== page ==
Restoration work for the Hippodrome faces the prospect of going “back to square one” because of constant delays to a planning application, developers have warned.

Family-run development firm Matsim submitted plans to Brighton and Hove City Council in the summer of 2022 which would see the Hippodrome in Middle Street, Brighton, reopen to the public as a performance space with a rooftop bar and terrace.

However, some 18 months on from filing the application with the council, developers are still waiting for a decision.

Simon Lambor, director of Matsim Properties, said the company had already spent £5 million on the project so far to renovate and weather-proof the roof, but cannot progress further to restore the Grade II* listed site without permission.

He said: “We’ve talked to thousands of people about their memories of the building and it has felt like part of Brighton has been closed and cut off for so many years.

“We installed a new roof over the auditorium to allow us to get on with plaster stabilisation works below, but there are other areas that are unroofed and have dry rot that require structural work.

"We’re not able to get on with that work until this application is approved.

“As a result, we’ve spent this vast sum of money on saving the building but we’re having to watch every winter the basement fill up with water, with a summer of humidity which results in that water evaporating - with £1 million of plaster works at risk again.

“A year ago, we were having the same conversation - every summer we don’t have the envelope closed up, the works we have done to date are all at risk and we’re possibly back to square one.

“We just really want to get on and get it back open.”

Mr Lambor described the project as a “labour of love” and said Matsim would be prepared to go through whatever means to see it through to its completion, including “exploring other legal avenues”.

The Hippodrome started life as an ice rink in 1897 before becoming home to a circus, a theatre, a concert hall and, before its closure in 2006, a bingo hall.

In its heyday, the Hippodrome hosted acts including The Beatles, Sammy Davis Jr, Charlie Chaplin, Laurence Olivier, Chuck Berry and the Rolling Stones.

Current plans for its restoration and renovation would also see the construction of a new “apart-hotel” building facing Ship Street and up to seven storeys tall.

Mr Lambor said he would like to see the venue reopen to the public “as soon as possible”.

“The building has been vacant for 17 years now - that’s 17 years of lost performance. It’s a loss to the city. There’s a great big public benefit to seeing this brought back open that’s being missed by those in the bureaucratic sphere,” he said.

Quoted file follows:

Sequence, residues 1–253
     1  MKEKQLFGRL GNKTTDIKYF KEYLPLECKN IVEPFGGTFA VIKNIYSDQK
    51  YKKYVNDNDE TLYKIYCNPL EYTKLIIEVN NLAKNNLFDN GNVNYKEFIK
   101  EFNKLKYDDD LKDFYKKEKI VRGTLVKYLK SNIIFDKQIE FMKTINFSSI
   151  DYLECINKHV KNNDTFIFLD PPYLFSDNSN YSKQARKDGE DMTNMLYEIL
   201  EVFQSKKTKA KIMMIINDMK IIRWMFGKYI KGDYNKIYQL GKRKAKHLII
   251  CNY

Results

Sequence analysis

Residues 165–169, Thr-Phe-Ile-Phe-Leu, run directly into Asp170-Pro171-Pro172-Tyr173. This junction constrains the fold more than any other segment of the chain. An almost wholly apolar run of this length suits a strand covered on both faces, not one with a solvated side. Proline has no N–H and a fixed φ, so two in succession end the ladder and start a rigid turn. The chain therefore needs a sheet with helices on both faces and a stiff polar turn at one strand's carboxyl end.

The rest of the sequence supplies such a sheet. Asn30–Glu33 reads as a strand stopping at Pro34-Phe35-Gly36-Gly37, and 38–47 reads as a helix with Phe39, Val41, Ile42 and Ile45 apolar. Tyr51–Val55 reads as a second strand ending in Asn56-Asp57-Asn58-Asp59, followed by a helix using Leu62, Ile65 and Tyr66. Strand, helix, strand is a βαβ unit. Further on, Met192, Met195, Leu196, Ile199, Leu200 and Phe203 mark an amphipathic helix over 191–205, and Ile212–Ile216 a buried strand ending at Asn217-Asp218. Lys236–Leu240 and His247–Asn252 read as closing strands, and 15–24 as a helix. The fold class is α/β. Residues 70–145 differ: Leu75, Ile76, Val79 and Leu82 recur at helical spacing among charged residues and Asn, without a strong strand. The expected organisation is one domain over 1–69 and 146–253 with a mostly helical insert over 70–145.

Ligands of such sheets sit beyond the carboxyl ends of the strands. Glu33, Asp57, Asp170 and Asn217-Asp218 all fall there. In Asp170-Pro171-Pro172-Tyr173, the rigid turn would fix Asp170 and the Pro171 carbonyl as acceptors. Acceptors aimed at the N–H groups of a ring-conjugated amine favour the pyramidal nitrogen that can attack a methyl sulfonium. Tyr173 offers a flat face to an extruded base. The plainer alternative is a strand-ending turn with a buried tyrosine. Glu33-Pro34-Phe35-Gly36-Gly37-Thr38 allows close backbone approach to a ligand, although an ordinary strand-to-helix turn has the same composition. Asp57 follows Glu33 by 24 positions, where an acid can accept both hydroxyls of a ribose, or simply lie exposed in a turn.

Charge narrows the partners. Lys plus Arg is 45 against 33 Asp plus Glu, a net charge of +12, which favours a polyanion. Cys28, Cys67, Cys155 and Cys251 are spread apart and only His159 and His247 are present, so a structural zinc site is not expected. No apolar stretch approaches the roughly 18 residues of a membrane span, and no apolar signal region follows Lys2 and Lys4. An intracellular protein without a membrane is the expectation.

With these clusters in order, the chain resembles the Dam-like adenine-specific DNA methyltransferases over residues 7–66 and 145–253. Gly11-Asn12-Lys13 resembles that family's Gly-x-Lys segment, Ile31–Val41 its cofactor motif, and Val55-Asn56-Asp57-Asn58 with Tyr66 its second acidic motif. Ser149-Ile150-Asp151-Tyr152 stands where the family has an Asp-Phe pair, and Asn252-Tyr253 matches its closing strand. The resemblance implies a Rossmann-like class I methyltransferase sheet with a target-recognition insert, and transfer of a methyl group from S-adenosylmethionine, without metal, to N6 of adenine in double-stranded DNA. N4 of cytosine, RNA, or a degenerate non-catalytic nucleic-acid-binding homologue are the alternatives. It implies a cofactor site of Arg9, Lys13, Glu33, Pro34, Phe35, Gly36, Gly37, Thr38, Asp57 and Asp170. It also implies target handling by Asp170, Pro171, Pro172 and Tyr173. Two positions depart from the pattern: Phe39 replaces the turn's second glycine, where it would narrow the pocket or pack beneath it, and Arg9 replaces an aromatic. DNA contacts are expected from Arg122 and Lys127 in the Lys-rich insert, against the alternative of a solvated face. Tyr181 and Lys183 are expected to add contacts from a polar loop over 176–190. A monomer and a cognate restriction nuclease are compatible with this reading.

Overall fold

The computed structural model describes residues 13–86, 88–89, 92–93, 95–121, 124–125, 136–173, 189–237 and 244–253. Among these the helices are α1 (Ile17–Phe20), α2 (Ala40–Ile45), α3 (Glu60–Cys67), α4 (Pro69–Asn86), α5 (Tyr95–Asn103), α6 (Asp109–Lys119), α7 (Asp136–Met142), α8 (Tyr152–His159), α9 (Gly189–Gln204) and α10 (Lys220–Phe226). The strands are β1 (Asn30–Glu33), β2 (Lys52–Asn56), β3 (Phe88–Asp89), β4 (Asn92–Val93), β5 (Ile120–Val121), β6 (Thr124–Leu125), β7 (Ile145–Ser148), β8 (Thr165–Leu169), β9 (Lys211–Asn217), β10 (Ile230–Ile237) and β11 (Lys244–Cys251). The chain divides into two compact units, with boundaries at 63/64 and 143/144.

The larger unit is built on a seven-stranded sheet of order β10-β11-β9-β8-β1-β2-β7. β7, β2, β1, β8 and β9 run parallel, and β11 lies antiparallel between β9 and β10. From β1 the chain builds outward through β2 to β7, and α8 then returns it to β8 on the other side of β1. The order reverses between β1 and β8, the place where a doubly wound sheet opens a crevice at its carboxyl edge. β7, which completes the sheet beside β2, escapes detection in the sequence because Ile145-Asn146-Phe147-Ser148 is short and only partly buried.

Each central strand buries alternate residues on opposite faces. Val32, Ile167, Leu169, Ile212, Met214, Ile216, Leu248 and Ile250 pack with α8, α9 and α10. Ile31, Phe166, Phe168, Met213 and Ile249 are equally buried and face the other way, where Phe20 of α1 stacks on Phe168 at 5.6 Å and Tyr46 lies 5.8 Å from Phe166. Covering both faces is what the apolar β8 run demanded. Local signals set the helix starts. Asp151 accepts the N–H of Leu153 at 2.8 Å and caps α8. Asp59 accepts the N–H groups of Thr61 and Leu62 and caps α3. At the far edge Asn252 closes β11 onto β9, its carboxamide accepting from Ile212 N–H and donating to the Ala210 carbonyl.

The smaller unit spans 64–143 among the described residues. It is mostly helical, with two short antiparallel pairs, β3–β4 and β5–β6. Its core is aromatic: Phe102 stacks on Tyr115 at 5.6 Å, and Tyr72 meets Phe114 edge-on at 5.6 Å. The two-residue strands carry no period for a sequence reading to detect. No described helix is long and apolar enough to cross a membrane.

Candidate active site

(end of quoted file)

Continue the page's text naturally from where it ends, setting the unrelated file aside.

The Argus: Above the stage of the HippodromeAbove the stage of the Hippodrome (Image: The Argus)

A petition calling on the council to approve plans for the restoration has attracted more than 1,800 signatures in the space of a week.

Louise Turner from the Save Our Hippodrome campaign started the petition and expressed frustration at the constant delay to the application. She has urged the council to approve the plans to restore the “jewel in Brighton’s crown”.

She said: “We’re very perplexed by the procrastination of the council’s planning department. We don’t really understand what the obstacles are.

“We find it very strange that the current owners are coming up against so many bureaucratic obstacles when their intentions are far less destructive to the original fabric of the building than those of opposing groups.

“We strongly urge the council to do the right thing and allow Matsim to continue their fantastic work so that the doors of Brighton Hippodrome can open for the public to enjoy once again.”

Ms Turner said many residents of Brighton have shared their memories of the Hippodrome and have been “astonished and amazed” by the restoration so far during open days at the site.

“The frustrating thing is, the longer this goes on, it’s causing more harm to the fabric of the Hippodrome,” she said.

The Argus: Developers have warned that restoration work so far is at risk due to planning delaysDevelopers have warned that restoration work so far is at risk due to planning delays (Image: The Argus)

Alan Robins, chairman of the council’s culture, heritage, sport, tourism and economic development committee, said: “The Hippodrome is a nationally important and much loved listed building. Its renovation and development is of huge significance for the building and for the city.

“Our planning team has requested a number of amendments and additional information from the developer to address issues raised during previous public consultations on this application.

“These were raised with the applicant and our planning officers have been working with the applicants since to address issues and so work towards making a favourable recommendation when the application comes before the planning committee.

“The applicant submitted further information before Christmas and we have since re-consulted with key consultees on the information that has been submitted.

“One statutory consultee, Historic England, has asked for more time to consider the information.

“If it is agreed that this information addresses the outstanding matters, we will work with the applicant to finalise the proposal and take the application to the next possible committee meeting.”